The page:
She was sympathetic to an unusual degree and she was distinctively a friend in times of trouble. Her loss is felt by a wide circle of acquaintances. She leaves a father and mother in Perkinsville, a brother, George W. Kenney, master mechanic for the Central Vermont railroad in Rutland, and the following sisters: Mrs. Matilda Jones of Detroit, Mich., Mrs. Joseph Twitchell and Mrs. Jacob Perkins of Gardner, Mass., Mrs. Charles Truax of St. Paul, Minn., Mrs. Melvin Robbins of Perkinsville, Mrs. George P. Sheldon of Hopedale, Mass., Mrs. Robert Hollister of Hartford, Conn., and Mrs. Albert Rockwell of Brattleboro.


Vermont Phoenix, January 21, 1898.


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The professional house painter John Davis conducted his shop on Main Street, and kept an account ledger from 1863 to 1867, with this page detailing the closed account for Orion Clark during April 3 to May 7 one year. The entry for May 2 indicates "To painting pole" for 3.25 dollars. The last day's work was "To varnishing door".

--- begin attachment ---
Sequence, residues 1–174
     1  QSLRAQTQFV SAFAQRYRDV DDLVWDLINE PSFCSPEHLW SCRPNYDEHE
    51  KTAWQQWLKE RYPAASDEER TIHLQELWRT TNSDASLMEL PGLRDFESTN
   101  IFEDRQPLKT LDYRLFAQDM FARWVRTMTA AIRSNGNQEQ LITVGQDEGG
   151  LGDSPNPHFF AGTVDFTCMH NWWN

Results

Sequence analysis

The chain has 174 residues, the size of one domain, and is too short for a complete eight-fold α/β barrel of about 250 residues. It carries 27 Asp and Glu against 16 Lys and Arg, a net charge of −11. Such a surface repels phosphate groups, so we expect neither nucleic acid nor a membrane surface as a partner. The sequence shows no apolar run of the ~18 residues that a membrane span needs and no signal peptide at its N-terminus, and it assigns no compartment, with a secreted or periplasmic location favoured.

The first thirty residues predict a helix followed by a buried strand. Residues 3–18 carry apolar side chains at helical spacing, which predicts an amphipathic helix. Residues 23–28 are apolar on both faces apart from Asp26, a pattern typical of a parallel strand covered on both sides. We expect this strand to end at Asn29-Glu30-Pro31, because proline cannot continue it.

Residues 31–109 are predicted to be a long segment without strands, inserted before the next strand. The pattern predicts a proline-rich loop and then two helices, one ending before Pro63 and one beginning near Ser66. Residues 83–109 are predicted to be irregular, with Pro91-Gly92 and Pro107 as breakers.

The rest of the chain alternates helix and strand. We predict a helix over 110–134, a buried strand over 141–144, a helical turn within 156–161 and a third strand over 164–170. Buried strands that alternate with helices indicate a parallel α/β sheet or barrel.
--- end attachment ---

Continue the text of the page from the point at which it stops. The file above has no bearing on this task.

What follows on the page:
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June 1879

Orion Clark has "put up" Leonard's monkey, that died last winter, with great skill and ingenuity, and in a style which shows a correct appreciation of monkey nature.


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An arson fire in 1869 changed this Elliot Street neighborhood, even for those with only minor damage, like Orion Clark---


Those who suffered to a greater or less degree by fire and water, and through the breakage caused by the removal of their goods, aside from those who had the lion's share of the fire, are enumerated below: E. A. Wood, F. C. Edwards, E. G. Simonds & Co., Perry & Holding, Orion Clark, Wilder Smith, O. J. Pratt; Pratt, Wright & Co., Cune & Brackett, Miss H. J. Gill; Houghton, Spencer & Co., H. F. Houghton, Thompson & Ranger, Glover & Cutting, Vermont Phoenix, F. D. Cobleigh, Fred Simonds, Leonard & Roess, Mrs. T. Avery, T. M. Titus & Co., P. Simonds, Henry Harrington, I. N. Thorn & Co., C. C. Frost, H. Soule, John W. Watson, Savings Bank, F. S. Brackett, G. A. Boyden. (These losses have been promptly adjusted by the companies holding the risks.)